Past Features

November 14, 2012

Drones Alone?
Are we really that stupid?
Glenn Spencer, American Border Patrol -- November 14, 2014   
    According to the Associated Press (better known as the Administration's Press):
AP Exclusive: Drones Patrol Half of Mexico Border
The U.S. government now patrols nearly half the Mexican border by drones alone in a largely unheralded shift to control desolate stretches where there are no agents, camera towers, ground sensors or fences, and it plans to expand the strategy to the Canadian border. [...] --- Under the new approach, Predator Bs sweep remote mountains, canyons and rivers with a high-resolution video camera and return within three days for another video in the same spot, according to two officials with direct knowledge of the effort on condition of anonymity because details have not been made public.
    It is simply impossible for the Predator B to reliably detect human beings using this method. And, if they did detect something suspicious after hours of analysis, and how long would it take a US Border Patrol agent to reach that spot?
    And the AP reports, “About 4 percent of missions have been false alarms…” Yet, another source reports that: “Only 2 percent of the drone missions did offer evidence of unauthorized border crossings…” -- In other words, twice as many missions reported bad information than those that reported useful information.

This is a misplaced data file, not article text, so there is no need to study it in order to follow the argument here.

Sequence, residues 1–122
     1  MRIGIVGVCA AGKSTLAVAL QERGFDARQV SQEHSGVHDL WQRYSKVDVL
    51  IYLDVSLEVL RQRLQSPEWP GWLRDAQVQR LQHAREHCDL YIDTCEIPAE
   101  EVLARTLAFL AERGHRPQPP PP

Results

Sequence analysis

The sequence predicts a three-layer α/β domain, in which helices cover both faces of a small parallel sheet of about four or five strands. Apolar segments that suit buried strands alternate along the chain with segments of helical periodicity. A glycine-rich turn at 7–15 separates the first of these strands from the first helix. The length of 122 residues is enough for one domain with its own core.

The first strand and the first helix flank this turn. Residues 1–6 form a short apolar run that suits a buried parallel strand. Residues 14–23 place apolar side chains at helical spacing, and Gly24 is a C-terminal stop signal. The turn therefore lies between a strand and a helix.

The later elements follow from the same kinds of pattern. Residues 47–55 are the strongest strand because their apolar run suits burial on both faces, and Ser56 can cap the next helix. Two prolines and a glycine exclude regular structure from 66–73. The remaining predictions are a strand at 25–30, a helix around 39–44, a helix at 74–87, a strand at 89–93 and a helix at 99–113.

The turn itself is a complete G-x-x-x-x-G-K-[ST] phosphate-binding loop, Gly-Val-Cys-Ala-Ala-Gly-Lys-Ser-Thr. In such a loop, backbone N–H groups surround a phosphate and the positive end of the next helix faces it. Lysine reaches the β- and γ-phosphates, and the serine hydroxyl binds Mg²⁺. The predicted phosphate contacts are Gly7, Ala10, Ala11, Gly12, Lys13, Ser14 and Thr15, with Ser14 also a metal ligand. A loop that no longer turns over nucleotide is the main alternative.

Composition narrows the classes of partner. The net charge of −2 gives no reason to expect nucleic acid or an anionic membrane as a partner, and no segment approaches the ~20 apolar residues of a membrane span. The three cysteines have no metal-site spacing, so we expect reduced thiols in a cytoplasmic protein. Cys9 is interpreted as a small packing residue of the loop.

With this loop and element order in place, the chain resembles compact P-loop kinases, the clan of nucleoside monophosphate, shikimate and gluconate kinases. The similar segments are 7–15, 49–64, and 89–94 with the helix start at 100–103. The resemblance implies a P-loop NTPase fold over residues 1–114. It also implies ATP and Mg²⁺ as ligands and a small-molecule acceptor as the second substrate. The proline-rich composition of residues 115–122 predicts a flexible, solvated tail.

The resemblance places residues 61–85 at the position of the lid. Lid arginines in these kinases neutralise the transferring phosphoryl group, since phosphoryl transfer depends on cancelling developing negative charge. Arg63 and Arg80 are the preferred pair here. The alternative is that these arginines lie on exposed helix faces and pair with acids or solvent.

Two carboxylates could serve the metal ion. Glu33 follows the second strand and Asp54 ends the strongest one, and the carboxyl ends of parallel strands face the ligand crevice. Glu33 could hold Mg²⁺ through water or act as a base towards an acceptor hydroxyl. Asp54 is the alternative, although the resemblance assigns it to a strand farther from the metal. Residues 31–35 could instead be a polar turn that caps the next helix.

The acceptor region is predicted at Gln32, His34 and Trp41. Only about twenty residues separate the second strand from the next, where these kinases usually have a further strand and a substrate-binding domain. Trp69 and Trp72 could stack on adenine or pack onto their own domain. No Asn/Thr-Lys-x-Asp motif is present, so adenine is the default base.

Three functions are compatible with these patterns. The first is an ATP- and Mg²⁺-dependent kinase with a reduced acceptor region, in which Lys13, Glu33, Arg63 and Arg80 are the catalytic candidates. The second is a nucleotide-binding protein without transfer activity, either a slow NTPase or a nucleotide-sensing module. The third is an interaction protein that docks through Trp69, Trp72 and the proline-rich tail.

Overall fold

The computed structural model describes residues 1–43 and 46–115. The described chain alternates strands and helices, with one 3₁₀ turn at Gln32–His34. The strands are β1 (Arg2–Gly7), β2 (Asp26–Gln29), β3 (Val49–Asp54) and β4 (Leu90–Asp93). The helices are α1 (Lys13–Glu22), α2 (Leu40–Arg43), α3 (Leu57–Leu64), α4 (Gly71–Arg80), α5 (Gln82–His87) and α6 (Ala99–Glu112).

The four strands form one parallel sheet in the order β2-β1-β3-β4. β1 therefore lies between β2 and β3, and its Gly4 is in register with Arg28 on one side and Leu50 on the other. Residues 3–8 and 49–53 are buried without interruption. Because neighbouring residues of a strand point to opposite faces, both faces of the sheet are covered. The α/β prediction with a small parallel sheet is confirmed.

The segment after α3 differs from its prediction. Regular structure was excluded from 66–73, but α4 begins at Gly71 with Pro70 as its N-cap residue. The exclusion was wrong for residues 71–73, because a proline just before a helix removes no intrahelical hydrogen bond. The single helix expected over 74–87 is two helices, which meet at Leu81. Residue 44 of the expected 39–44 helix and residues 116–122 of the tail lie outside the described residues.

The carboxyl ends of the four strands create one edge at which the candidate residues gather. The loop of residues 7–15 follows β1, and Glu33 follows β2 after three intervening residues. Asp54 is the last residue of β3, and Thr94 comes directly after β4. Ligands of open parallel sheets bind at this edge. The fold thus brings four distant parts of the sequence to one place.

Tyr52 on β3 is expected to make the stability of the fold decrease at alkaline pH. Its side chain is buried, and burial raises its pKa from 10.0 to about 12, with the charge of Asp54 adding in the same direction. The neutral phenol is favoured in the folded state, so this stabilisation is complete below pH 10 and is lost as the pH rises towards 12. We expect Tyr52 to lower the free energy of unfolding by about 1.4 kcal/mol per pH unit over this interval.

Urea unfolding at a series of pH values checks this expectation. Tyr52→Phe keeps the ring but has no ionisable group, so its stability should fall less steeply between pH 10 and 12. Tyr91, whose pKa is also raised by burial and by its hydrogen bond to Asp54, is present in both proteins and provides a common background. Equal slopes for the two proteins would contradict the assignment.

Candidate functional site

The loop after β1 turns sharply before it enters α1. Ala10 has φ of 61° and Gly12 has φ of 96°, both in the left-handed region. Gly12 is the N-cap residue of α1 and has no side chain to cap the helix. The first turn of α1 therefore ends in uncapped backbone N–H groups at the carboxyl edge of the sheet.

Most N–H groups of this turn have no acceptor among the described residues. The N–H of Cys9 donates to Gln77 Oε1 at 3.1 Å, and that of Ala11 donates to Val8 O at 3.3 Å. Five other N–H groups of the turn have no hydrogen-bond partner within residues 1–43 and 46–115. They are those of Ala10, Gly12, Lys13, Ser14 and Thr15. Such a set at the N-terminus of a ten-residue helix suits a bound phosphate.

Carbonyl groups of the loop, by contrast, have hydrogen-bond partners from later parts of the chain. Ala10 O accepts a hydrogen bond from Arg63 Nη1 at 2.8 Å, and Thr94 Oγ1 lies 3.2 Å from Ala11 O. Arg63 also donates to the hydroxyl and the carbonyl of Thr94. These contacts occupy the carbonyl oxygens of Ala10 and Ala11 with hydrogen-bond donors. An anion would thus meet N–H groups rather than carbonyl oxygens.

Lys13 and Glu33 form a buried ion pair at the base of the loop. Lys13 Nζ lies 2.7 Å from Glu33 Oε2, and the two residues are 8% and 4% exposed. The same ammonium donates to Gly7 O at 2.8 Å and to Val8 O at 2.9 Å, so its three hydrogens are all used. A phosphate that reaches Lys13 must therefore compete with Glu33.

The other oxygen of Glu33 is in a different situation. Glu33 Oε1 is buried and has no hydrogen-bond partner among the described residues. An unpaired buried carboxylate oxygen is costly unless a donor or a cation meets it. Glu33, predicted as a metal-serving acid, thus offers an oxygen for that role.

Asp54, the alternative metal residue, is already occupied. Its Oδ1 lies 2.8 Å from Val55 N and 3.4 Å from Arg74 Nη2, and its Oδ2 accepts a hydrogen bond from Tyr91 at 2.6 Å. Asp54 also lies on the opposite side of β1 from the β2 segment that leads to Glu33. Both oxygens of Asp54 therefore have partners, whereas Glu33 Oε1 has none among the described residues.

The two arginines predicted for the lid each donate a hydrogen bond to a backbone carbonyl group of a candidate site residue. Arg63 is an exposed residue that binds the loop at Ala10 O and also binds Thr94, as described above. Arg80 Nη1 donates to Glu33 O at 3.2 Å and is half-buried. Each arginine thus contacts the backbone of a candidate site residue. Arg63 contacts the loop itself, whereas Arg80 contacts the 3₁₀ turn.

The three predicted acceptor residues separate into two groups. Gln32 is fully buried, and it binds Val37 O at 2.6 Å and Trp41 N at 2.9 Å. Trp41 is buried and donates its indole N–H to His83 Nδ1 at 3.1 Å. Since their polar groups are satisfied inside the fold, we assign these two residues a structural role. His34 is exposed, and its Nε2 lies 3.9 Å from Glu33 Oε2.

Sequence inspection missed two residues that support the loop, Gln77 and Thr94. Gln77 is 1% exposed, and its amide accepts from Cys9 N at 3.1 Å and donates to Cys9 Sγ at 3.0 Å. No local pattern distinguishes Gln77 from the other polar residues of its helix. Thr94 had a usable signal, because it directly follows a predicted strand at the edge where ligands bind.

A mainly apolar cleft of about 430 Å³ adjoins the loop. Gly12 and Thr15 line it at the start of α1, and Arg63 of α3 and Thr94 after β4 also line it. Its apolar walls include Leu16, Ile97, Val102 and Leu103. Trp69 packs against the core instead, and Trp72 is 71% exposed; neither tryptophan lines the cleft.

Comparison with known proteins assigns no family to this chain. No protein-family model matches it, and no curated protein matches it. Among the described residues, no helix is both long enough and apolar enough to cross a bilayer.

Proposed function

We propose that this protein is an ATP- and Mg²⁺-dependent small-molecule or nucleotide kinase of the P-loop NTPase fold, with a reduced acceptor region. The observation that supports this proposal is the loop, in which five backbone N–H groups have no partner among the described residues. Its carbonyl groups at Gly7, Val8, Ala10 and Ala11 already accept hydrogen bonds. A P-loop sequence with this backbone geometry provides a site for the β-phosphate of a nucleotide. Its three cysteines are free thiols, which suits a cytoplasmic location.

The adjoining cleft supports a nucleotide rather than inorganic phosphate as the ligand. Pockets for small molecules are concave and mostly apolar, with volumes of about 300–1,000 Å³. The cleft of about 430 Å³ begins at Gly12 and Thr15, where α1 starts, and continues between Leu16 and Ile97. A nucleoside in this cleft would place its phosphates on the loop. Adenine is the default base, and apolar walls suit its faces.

AP quotes House Homeland Security Chairman McCaul: “We can no longer focus only on static defenses such as fences and fixed (camera) towers,” he said. This is same McCaul who recently said we need to rely on Aerostat blimps. -- The idea that people like Chairman McCaul could be hoodwinked by this nonsense is disturbing, but we already had our doubts about him.
   This is an “exclusive” - no doubt because someone in DHS called in the AP lapdogs and spoon-fed them this story to make it sound palatable.
    America, are we really that stupid?
  
  PS: The Sonic Barrier could to the job right at a fraction of the cost of the Predator B.

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